Title Page, Copyright

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pp. i-vi

Contents

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pp. vii-viii

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Acknowledgment

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pp. ix-xii

...I wrote this book in 2001–2, during my tenure as a Blaise Pascal International Research Chair at the Ecole Normale Sup´erieure in Paris. Foremost, my gratitude goes to Professor Claude Imbert: for her encouragement, her support, her graciousness, her learning, and her philosophic dissidence...

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Introduction Ethos, Logos, and Pathos

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pp. 1-12

...This book is proposed as a meditation on Michel Foucault’s claim that “equipment is the medium of transformation of logos into ethos.” A good deal of work is required, however, to grasp what such a claim might mean. The difficulty in part lies in the fact that the terms “equipment” and “meditation” are used...

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Chapter 1 Midst Anthropology’s Problems

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pp. 13-30

...The doubling of a transcendental subject and an empirical object and their dynamic and unstable relations defined the form of this being. In 1966, Foucault held an epochal view of Man and of modernity. In his...

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Chapter 2 Method

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pp. 31-43

...Max Weber’s classic essay “Objectivity in Social Science and Social Policy” has received much critical attention in the Weber literature, as it is one of his few sustained statements about conceptual and methodological issues. It was drafted as Weber was writing...

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Chapter 3 Object

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pp. 44-56

...is integrally related to Foucault’s changing understanding of thinking. In 1969 he was nominated for appointment to the Coll` ege de France and as part of the standard selection process was obliged to present a research project and to propose a name for the chair he would occupy. Foucault named...

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Chapter 4 Mode

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pp. 57-75

...The essays in the book provide essential background for situating a temporal mode of our modernity. Koselleck’s erudition, like that of his contemporary, Hans Blumenberg, is focused on the history of discursive figures and concepts. Koselleck is the founder of a method and school devoted...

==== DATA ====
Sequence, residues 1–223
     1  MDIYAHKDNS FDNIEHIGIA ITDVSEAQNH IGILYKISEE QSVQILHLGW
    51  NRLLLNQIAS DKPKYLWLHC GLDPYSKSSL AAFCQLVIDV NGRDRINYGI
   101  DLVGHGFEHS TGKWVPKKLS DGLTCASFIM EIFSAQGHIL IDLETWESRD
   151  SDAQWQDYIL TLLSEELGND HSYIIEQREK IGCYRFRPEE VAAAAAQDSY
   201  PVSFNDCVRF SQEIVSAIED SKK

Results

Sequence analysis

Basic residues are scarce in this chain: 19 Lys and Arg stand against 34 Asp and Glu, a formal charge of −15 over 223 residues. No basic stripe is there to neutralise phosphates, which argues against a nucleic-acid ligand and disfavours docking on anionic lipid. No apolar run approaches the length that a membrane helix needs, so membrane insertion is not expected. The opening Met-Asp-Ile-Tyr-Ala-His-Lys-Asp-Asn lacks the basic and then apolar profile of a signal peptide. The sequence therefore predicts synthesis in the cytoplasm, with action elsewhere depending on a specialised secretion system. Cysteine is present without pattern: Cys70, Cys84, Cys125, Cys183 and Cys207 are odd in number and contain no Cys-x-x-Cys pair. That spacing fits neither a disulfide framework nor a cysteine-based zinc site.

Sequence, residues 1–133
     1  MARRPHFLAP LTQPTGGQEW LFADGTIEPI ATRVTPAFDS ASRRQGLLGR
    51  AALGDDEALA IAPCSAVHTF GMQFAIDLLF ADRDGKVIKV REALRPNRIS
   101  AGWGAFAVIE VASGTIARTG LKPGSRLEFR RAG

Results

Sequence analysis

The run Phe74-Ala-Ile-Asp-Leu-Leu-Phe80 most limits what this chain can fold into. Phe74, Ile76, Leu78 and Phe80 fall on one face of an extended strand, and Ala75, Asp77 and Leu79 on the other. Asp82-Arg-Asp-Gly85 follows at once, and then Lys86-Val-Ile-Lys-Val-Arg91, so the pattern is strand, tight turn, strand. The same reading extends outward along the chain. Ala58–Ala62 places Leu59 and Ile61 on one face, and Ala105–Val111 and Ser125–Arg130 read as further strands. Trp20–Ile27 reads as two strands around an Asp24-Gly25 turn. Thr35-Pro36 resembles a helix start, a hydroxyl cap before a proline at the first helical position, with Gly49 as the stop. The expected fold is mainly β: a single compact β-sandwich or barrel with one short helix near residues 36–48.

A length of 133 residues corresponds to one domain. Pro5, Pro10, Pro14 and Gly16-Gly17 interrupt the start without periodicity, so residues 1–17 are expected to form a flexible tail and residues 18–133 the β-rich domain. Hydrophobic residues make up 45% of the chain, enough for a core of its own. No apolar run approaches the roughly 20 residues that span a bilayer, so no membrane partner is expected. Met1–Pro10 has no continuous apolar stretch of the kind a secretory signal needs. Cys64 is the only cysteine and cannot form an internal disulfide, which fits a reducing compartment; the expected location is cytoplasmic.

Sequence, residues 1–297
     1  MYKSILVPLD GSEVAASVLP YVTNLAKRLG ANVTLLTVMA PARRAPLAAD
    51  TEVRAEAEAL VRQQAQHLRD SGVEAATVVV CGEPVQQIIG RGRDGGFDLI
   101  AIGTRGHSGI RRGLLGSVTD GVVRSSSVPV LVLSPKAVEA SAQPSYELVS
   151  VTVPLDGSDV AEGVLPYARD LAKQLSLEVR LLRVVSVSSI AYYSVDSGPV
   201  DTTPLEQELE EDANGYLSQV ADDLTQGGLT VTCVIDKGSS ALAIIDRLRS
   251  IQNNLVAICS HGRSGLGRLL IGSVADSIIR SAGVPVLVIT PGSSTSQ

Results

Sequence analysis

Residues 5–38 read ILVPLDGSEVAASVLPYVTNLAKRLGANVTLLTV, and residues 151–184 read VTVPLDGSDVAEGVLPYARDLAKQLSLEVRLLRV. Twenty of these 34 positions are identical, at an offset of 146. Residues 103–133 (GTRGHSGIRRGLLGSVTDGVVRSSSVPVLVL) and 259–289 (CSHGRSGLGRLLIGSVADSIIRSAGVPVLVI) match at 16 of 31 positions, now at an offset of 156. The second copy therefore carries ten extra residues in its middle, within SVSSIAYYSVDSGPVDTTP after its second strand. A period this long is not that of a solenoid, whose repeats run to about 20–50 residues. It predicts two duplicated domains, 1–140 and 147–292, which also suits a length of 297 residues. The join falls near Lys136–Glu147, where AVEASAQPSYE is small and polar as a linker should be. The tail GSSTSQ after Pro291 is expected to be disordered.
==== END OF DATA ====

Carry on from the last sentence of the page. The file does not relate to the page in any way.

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Chapter 5 Form

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pp. 76-90

...The anthropology that concerns me is one that is practically and essentially mediated by a form of actual experience. There have been different names given to the practice that grounds anthropology in empirical work. The names from the past—fieldwork, participant observation—are no longer adequate to the practice...

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Chapter 6 Discontents and Consolations

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pp. 91-106

...During the course of his essay Sloterdijk asks what seem to me to be two rather different questions, each addressed to a particular kind of problem. At one point Sloterdijk asks whether there is still a “dignity of the human being which merits expression in philosophic reflection...

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Chapter 7 Demons and Durcharbeiten

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pp. 107-121

...After a seminar in Heidelberg in December 2001 at which I had presented a version of the previous chapter, my gracious host, Halldo´ r Stefansson, asked me why the part of the paper that dealt with discontents and consolations had stopped in the past...

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Conclusion From Progress to Motion

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pp. 122-136

...Not only do these partial perspectives come together in a common space but they are reconciled with each other. From the absolute “point of view” of which only God is capable, the world appears as a unified and unitary spectacle. Leibniz’s God is this “view without a point of...

Notes

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pp. 137-148

Bibliography

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pp. 149-152

Index of Selected Names

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pp. 153-154

Index of Concepts

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pp. 155-161